Why is the December/Christmas setting significant in "A Worn Path"?

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There are two main things it seems the author was trying to accomplish by setting the story "A Worn Path" near Christmas time: one is positive while the other is negative.

On the positive side, it reinforces the theme of charity and love. Christmas is a time of family and giving, typified by selflessness and sacrifice. In the story, Old Phoenix is acting extremely selflessly in an attempt to help her grandson's sore throat. She is braving the elements and going into town to help him, which is sacrificial and kind, and the salve she seeks is representative of a Christmas gift.

On the other hand, it makes the story all the more painful. The old woman is enduring the harsh cold and terrible elements. The bitter cold and unkind weather make her journey more treacherous and difficult, which adds to both the suspense and sacrifice of the story. In the end, though, it also serves to reinforce the idea of selflessness because she is willing to endure even these harsh conditions for her grandson.

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Choosing to set the story in December serves a few purposes for Welty in developing the story's themes. The month of December is the close of the year, and it is a time when death pervades the air and adds emphasis to the impending close of Phoenix Jackson's life. It is also a time of year when Christmas is celebrated and when people are more inclined to be kind and charitable than perhaps at other times of the year.

Phoenix is generally not treated well by the people she encounters because of her advanced age and race. However, she is likely treated a little less brutally because of the goodwill people are a bit more inclined to offer because it is a time of generosity and giving. This is true in the semi-unpleasant encounter that Phoenix has with the hunter and the lady on the street, the nurse, and the shopgirl once she gets to town.

The fact that Phoenix is on a mission to get medicine for her grandson at this time of year compels the people in the store to offer a bit more charity than she would normally receive. In receiving it, Phoenix is able to also purchase a modest gift that, to her grandson, will be captivating.

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There are several reasons the author might have set the story during December and the Christmas season.  First and foremost is that Christmas brings to mind love and sacrificial gift-giving, and both of these are strong factors in what motivates Old Phoenix to make the long journey into town to get the medicine for her grandson's throat. 

Phoenix wants to do what she can to ease her grandson's pain and suffering, so she is willing to endure the physical travails of trudging along the worn path on this "bright frozen (December) day in the early morning" despite her advanced age and her own physical ailments and limitations.  This journey, perhaps, also brings to mind the long journey the wise men made to bring gifts to Jesus.  They, too, gave gifts from their hearts to help meet the baby's needs.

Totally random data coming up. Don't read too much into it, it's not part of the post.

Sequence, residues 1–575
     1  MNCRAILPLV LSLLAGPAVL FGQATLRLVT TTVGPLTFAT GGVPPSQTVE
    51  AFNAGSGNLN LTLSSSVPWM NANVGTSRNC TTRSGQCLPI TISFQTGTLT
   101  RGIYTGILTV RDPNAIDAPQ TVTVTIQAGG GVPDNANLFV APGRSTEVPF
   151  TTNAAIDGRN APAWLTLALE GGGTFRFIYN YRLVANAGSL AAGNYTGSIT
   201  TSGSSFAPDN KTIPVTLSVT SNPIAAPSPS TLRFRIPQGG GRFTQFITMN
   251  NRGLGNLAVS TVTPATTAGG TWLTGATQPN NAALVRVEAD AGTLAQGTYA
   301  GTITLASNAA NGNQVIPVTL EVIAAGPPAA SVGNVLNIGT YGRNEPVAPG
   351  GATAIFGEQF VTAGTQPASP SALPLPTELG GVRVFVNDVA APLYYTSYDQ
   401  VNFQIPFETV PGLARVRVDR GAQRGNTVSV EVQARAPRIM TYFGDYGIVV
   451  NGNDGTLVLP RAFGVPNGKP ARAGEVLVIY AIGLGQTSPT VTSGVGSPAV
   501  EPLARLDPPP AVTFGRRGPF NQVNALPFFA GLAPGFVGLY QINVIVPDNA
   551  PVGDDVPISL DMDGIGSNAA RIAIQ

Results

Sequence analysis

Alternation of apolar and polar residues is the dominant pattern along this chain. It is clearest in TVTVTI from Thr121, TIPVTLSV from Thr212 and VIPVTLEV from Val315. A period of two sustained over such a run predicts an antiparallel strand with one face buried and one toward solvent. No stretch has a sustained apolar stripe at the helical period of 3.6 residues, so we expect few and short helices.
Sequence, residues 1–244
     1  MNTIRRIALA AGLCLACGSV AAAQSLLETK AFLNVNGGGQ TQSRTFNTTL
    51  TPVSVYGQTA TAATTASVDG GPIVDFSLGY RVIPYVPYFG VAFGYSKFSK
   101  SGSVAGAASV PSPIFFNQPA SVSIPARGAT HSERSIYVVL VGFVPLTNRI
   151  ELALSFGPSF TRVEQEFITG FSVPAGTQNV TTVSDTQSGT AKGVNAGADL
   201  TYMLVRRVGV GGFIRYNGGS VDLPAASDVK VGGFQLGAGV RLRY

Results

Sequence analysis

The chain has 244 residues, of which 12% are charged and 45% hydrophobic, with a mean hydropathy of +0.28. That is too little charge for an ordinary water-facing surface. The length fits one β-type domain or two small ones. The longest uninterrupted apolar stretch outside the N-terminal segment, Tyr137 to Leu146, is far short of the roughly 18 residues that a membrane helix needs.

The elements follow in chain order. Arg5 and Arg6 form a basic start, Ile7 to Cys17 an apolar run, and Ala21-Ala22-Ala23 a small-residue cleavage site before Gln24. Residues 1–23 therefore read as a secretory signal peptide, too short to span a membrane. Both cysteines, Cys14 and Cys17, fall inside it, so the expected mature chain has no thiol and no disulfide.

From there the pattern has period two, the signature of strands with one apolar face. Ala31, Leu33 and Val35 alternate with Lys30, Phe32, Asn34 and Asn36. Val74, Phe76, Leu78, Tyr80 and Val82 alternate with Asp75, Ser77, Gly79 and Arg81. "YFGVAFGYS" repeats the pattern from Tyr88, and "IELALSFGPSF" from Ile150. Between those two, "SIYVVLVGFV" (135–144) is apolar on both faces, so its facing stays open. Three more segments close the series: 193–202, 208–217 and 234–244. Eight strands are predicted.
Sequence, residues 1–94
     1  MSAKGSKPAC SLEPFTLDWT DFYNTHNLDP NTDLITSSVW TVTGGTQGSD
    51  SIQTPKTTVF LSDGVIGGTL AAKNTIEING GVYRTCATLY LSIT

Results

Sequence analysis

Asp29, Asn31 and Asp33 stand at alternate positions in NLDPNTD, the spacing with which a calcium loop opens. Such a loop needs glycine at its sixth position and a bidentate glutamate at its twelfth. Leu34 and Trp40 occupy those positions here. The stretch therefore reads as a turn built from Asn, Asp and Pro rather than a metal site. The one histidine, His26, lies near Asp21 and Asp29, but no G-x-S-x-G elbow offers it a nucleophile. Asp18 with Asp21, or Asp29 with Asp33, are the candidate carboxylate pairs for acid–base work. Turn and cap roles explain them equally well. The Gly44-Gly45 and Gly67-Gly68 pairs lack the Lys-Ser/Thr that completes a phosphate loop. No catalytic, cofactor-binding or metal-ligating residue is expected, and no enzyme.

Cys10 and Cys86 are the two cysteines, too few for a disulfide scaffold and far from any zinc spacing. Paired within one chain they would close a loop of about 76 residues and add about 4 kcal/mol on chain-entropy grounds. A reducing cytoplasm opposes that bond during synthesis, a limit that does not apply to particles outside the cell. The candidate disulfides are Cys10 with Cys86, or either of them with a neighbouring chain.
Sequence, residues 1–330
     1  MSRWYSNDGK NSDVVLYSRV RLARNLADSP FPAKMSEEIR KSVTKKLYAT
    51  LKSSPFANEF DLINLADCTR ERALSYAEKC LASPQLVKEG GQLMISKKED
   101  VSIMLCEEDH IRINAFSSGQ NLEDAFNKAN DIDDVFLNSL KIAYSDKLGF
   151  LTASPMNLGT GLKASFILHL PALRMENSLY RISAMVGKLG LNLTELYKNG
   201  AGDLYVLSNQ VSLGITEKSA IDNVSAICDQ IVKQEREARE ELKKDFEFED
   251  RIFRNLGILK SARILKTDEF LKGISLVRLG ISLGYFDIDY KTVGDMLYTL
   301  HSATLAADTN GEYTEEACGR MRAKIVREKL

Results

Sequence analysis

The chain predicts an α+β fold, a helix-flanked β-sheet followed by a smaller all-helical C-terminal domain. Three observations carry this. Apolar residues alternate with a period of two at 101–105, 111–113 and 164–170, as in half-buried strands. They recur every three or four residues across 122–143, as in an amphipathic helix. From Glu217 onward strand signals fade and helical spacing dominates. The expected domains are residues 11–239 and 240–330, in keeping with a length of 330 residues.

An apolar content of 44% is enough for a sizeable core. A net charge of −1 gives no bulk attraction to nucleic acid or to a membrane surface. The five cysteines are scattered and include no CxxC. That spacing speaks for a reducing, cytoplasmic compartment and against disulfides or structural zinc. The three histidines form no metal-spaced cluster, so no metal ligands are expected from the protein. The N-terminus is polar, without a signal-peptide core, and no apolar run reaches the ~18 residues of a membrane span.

Along the way, the white hunter condescendingly suggests to Phoenix that perhaps she is "going to town to see Santa Claus."    This adds to the Christmas setting, as does the nurse giving Old Phoenix a nickel from her own purse because it is the Christmas season. 

This nickel, in addition to the nickel Phoenix picked up earlier when the hunter dropped it, enables her to buy her grandson a special gift for Christmas.  She announces to the nurse and the attendant at the desk: 

"I going to the store and buy my child a little windmill they sells, made out of paper.  He going to find it hard to believe there such a thing in the world."

Finally, with Phoenix being so old, she can be said to be in the winter, or "December," of her life.  Perhaps this was also part of the author's thinking in setting the story in December.

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What is significant about setting the story in December and during Christmas?

The story "A Worn Path" shows readers a glimpse into a regular ritual for the main character, Phoenix, so it's interesting that this glimpse happens to be at Christmastime. Phoenix herself never bring up Christmas, but the other characters—white people who are more connected to commercial society than she is—hold it as a focus, and the hunter even suggests that it's the only explanation for her arduous journey. Phoenix makes this journey as an act of care for her grandson, and she's been doing it every time he runs out of medicine for years now. This stands in stark contrast to the two nickels she's given out of a Christmas-motivated sense of charity, which pale in comparison to the acts of kindness she undertakes as part of her everyday life. Her decision to spend the money on a paper windmill as a gift for her grandson, something short-lived and insubstantial, further emphasizes Phoenix's feelings about the holiday charity.

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